Reading On Writing

Writing a review of a book about writing is one way to face your insecurities. It doesn’t help that I’ve often heard that this particular book, Stephen King’s On Writing, is the BEST ever produced on the topic. So I’ll try not to be overly long and I promise to ruthlessly eradicate any superfluous adverbs I have the misfortune of typing.

I knew that this book was having a profound effect on me when, about two thirds of the way in, it penetrated my dream world. It was an ordinary dream, I think I was just recommending the book but I was doing so with an intensity of feeling that hung around after I woke up. You should also know that I came to this book a Stephen King virgin. Sure, I’ve seen many movies based on his works, most of them in my teen years, but I’ve really not explored the horror fiction genre (unless you count a frothy vampire tale here and there).

Quiet Please!

Quiet Please!

What surprised me about On Writing is that it’s not a straight-up writing guide. The parallel title is “A Memoir of the Craft” and, as such, it begins with retellings of the author’s childhood antics and early married life. I must admit that these anecdotes did not initially pull me in and I set the book aside for a few weeks. When I picked it up again, the stories became more and more about King’s first adventures in publishing and I was hooked. I also liked the section about his alcoholic cokehead years and the family intervention that got him clean. I’d had no idea.

Now to the writing part. It seems that every successful writer’s principal advice to the rest of us can be summed up in this way: Write write write. Read read read. A lot. So there you have it. But King also imparts specifics having to do with use of language and the writing process. Here are my main takeaways (other than write write…):

Edit that shiz!

One of the first things King learns while writing for a small town paper as a teen is how to be concise and on-topic. Later, a rejection slip delivers invaluable advice: the second draft is like the first draft, only 10% shorter. After reading this, I went back and rewrote a blog post I wasn’t entirely happy with and cut it down from about 1000 words to 700 (When to Follow the Dream). I now cannot write anything without hearing Stephen King’s creepy whisper in my head asking “Is that shit really necessary?”

Reading by the fire, more effective than writing by the fire.

Reading by the fire, more effective than writing by the fire. King, Stephen. On Writing: A Memoir of the Craft. New York: Scribner, 2010 (c2000).

 

Write with the door closed

Though King means this both literally and figuratively (as in – don’t let anyone else see your work too soon), it’s the actual closed door that hit home for me. I was struck by this very simple idea, that of writing in a designated space with a door which I will close so as not to be disturbed. Until recently, I didn’t have to worry about distractions, other than my cat smooshing her face on the screen, because I lived alone. It has now become clear that, with Monsieur’s propensity for singing loud silly songs and for coming in for frequent squeezes, writing in the living room is bad practice. Like Virginia Woolf, I do have a room of my own. Now I just have to get in the habit of writing there… and of closing the damned door.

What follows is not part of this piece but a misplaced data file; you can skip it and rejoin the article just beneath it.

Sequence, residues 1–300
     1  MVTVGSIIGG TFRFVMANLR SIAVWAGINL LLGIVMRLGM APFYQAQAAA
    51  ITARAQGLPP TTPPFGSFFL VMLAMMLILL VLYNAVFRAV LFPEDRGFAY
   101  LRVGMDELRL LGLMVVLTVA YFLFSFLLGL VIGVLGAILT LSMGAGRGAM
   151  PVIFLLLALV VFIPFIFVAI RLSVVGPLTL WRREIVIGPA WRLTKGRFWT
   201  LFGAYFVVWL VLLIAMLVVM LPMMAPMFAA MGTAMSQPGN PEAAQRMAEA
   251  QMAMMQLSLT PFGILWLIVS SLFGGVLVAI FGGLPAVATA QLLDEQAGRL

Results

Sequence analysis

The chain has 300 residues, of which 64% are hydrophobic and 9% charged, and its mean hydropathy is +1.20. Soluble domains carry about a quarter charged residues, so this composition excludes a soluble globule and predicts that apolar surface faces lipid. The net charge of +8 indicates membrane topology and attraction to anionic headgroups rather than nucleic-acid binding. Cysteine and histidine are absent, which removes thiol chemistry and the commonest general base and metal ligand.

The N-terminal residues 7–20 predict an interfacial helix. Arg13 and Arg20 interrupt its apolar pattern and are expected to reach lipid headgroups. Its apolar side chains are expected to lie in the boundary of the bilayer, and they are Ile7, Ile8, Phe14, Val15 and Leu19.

Stephen King’s passion and enthusiasm for his craft is partly what makes On Writing a joy to read and the message gets through: if you don’t love it this much, then don’t bother. At the end of the book, King writes about the near-fatal accident that almost prevented him from finishing it. It was smart to stick the story in at this stage because, after having read everything that comes before, the reader gets to fully enjoy a tale masterfully told. I’ll end with an excerpt:

Smith wasn’t looking at the road the afternoon our lives came together because his rottweiler had jumped from the very rear of the van into the back-seat area, where there was an Igloo cooler with some meat stored inside. The rottweiler’s name is Bullet (Smith has another rottweiler at home; his name is Pistol). Bullet started to nose at the lid of the cooler. Smith turned around and tried to push Bullet away. He was still looking at Bullet and pushing his head away from the cooler when he came the top of the knoll; still looking and pushing when he struck me. Smith told friends later that he thought he’d hit “a small deer” until he noticed my bloody spectacles lying on the front seat of his van. They were knocked from my face when I tried to get out out of Smith’s way. The frames were bent and twisted, but the lenses were unbroken. They are the lenses I’m wearing now, as I write this. (p.255)

Would you say this book emits an eerie glow?

Would you say this book emits an eerie glow?

Comments

  1. I’ll have to give this book a second chance, I think – I’ve heard nothing but glowing reviews from so many, and yet when I tried it myself, I never got farther than halfway. Back onto the reading list it goes…

Trackbacks

  1. […] By Me (1986): I had no idea Stephen King wrote this until I read his book On Writing in which he describes his childhood as being one of independence and [sometimes grim] adventure. […]

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